Eight years on the Jahre Prize Committee
Harald Stenmark will conclude his service as chair of the Jahre Prize Committee with this year's awards. A celebration of research, the awards ceremony is slightly more laid back than in 2011, but still equally dignified and prestigious.
Harald Stenmark and Anette Sørensen say farewell after eight years as the chair and secretary of the Jahre Prize Committee. Photo: Øystein Horgmo, UiO
Professor Harald Stenmark has chaired the Jahre Prize Committee for eight years.
"The prize is one of the largest and most prestigious awards in the Nordic region in the field. A traditional prize that puts a spotlight on some of the top research in the Nordic countries," says Stenmark, adding that his stint as chair has been an exciting one.
Overview of top research in the Nordic countries
Among other things, Stenmark has appreciated the opportunity to meet some of the foremost researchers in the Nordic countries through his leadership of the Committee. "We receive a very large number of nominations, and it's interesting to learn a little about the medical research going on at the ground level," he explains.
"It's fun to see that there's so much good research that I otherwise would not have known about in disciplines other than my own," Stenmark continues. He has also been very pleased with how the Committee works together. The cordial and collegial tone among the members provided a platform for congenial meetings and made it easy to do their job.
Anders Jahre and the prize
Anders Jahre (1891 – 1982) was a Norwegian shipowner, entrepreneur and philanthropist.
The Anders Jahre Foundation for the Promotion of Science was established after the shipowner made several major donations to UiO. Half of the return from the Anders Jahre Foundation goes to the advancement of medical science and research. The remainder is divided between the legal profession and the chemical and technical fields.
Anders Jahre had a special interest in medicine, and decided that part of the return on the foundation's funds was to be used to award an annual Nordic medical prize for outstanding international work.
The Anders Jahre Award for Medical Research was bestowed the first time in 1960. Since 1965, the award has been split into two prizes: a main prize and a prize for young scientists. Jahre received an honorary Doctor of Law degree from the University of Oslo in 1961 and, in 1963, was awarded an honorary Doctor of Medicine degree from Lund University. He was an honorary member of the Norwegian Academy of Science and Letters and the Nordic Medical Society in Stockholm.
The other members of the Committee are from each of the other Nordic countries. "The award statutes stipulate that the chair of the Committee shall be from the University of Oslo, and that representatives from the other Nordic countries shall be appointed," says Stenmark. Professor Seppo Meri (University of Helsinki), Professor Lars Bo Nielsen (University of Aarhus), Professor Cecilia Lundberg (Lund University) and Professor Magnus Karl Magnusson (University of Iceland) are the other permanent members of the Committee. In addition, each representative has deputies. Professor Ludvig Sollid is the deputy for Stenmark.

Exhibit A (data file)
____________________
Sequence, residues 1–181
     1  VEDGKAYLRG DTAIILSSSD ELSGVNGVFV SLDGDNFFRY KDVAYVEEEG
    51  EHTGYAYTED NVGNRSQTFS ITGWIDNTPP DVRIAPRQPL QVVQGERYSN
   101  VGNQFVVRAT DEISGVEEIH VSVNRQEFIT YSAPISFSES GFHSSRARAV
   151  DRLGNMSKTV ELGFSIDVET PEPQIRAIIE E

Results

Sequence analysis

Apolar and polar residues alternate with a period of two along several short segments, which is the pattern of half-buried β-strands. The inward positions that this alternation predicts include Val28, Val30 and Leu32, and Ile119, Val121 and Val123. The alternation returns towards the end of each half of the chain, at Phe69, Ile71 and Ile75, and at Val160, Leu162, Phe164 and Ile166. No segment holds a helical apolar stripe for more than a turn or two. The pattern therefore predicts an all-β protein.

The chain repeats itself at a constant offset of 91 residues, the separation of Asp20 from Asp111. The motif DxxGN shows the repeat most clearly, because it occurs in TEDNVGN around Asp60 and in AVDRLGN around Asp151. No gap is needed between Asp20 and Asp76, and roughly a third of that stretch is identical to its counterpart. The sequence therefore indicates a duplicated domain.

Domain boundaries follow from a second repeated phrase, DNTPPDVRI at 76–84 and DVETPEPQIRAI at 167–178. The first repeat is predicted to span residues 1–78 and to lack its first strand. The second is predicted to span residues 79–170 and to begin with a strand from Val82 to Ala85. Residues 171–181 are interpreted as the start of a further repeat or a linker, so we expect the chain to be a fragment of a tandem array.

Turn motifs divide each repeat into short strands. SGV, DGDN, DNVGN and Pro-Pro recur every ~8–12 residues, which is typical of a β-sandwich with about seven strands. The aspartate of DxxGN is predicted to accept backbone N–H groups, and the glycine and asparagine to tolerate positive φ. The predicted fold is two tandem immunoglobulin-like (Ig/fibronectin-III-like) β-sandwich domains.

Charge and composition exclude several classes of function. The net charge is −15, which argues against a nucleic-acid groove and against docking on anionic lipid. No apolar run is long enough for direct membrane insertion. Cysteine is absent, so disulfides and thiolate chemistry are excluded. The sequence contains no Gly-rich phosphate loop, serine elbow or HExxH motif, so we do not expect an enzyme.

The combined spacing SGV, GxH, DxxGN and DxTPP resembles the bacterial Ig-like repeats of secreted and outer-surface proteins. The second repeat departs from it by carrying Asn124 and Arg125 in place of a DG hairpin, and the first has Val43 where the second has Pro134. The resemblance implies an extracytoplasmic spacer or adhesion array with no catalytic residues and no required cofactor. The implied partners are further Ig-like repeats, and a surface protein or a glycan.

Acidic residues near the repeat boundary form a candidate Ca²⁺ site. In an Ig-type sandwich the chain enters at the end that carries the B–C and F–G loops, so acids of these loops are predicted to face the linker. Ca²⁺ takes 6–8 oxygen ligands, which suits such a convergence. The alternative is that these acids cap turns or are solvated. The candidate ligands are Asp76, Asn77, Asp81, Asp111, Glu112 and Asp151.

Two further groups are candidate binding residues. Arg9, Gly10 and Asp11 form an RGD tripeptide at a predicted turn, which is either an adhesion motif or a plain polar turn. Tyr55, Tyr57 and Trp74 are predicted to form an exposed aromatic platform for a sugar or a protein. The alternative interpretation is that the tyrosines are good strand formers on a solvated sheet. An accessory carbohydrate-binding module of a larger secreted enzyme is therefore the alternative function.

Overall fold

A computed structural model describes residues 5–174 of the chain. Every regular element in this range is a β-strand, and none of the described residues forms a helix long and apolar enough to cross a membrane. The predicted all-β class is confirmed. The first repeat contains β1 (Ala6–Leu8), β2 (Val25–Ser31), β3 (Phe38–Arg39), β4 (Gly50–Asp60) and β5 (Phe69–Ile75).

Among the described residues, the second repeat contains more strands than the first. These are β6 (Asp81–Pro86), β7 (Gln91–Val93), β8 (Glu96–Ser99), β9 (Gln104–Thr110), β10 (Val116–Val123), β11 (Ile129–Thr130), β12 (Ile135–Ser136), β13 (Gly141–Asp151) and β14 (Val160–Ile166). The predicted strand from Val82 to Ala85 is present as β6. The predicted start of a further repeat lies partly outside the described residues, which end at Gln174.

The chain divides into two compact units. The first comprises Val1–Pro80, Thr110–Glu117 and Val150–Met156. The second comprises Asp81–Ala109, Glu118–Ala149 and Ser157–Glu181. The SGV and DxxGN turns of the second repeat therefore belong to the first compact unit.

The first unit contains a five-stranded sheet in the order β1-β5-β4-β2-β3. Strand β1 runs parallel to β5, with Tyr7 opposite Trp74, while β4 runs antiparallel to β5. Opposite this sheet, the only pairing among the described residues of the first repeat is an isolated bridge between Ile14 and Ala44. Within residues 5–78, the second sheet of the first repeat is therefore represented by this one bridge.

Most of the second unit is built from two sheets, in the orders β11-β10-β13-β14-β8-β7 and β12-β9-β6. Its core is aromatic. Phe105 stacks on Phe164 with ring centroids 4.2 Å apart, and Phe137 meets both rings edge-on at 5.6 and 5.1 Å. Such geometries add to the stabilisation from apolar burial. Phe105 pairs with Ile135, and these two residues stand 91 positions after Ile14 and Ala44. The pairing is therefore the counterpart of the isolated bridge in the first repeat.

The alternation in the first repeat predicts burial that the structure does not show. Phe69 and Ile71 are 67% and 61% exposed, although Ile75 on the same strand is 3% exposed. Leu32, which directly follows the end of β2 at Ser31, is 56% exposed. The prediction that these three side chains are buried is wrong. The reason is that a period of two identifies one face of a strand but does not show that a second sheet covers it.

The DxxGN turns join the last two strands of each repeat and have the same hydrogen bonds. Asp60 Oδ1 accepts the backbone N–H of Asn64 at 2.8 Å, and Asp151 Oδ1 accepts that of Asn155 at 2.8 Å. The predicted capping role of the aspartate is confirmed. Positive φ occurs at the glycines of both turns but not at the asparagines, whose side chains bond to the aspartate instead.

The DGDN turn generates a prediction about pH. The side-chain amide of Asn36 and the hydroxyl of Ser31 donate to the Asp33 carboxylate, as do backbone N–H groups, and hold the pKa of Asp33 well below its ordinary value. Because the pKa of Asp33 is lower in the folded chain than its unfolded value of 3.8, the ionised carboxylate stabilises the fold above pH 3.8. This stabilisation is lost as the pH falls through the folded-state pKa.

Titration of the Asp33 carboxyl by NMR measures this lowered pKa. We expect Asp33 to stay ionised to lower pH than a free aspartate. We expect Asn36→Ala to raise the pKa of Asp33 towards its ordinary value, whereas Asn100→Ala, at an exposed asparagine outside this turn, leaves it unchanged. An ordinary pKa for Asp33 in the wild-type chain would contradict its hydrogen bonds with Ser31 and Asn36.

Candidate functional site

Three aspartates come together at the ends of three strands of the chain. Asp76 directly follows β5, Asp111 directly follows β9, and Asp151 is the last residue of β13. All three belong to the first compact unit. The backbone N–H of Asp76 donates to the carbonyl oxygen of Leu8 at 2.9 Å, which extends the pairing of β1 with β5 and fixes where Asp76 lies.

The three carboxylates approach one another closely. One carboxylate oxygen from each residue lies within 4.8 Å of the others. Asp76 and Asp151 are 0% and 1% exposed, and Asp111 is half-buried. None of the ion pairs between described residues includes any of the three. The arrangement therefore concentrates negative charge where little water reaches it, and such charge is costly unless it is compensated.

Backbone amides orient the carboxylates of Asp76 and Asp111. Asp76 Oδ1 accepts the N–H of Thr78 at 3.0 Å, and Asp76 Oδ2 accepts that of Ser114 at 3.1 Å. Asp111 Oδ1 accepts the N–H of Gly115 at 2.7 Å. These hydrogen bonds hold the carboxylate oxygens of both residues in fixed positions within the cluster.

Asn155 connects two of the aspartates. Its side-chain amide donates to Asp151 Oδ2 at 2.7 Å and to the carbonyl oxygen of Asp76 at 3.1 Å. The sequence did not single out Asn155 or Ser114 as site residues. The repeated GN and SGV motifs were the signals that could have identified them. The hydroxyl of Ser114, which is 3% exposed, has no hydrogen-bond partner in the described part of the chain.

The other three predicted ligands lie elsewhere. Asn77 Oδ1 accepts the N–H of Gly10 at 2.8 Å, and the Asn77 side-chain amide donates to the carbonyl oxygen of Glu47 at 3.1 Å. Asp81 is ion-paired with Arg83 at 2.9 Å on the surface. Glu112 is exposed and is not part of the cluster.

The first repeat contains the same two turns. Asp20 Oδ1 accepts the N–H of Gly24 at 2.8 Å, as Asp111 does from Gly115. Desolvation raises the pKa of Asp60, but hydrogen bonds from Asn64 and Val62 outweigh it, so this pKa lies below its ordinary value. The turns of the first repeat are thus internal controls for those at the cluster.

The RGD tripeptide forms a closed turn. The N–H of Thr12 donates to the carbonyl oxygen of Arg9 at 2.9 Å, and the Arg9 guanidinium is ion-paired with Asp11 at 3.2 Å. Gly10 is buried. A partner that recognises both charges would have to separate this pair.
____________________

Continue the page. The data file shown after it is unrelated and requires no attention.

Slightly less formal
This year, only the chair is being replaced. The secretary also follows the chair. Only two members of the Committee are replaced at a time in order to maintain continuity. The Committee's fixed structure for how it reviews all the nominations is thus maintained in this way.
Not many changes have been made since Stenmark took over as chair. The awards have been carried out entirely according to plan each year.
Neither Harald Stenmark nor Anette Sørensen can recall any surprises in the process. "It's just as grand every time," says Sørensen. "One small change worth talking about must be that we have made it slightly less formal," says Stenmark. "Previously the dress code was white tie and tails for the festivities, and we always danced the polonaise. The dress code has been simplified to the tuxedo. The polonaise was done away with long ago on the advice of the highly capable organisers at the University, who help us with the practical details."
A great pleasure
"It is important to say," says Anette Sørensen, "that it has been a great pleasure to do this work. To be allowed to pay tribute to the work that has been done and those who have excelled. To celebrate their accomplishments.""Yes it has always been a very pleasant task to call the prize winners," Stenmark adds with a smile.
Stenmark believes that there is room for improvement in regard to the attendance at the prize lectures. It's somewhat of a shame that more people don't use the chance to listen to some of Scandinavia's greatest scientists. Attendance was good last year. When we have had Norwegian prize winners it has been easier to attract a large audience, they note.
2019 Jahre Awards
In October, Stenmark will award his final Jahre Prizes. The main prize of 1 million kroner goes to Professor Carl-Henrik Heldin at Uppsala University. The Anders Jahre Prize for Young Scientists is being shared this year by Associate Professor Lars Tjelta Westlye at the Department of Psychology, University of Oslo and Associate Professor Jenny Mjösberg from the Karolinska Institute, Stockholm.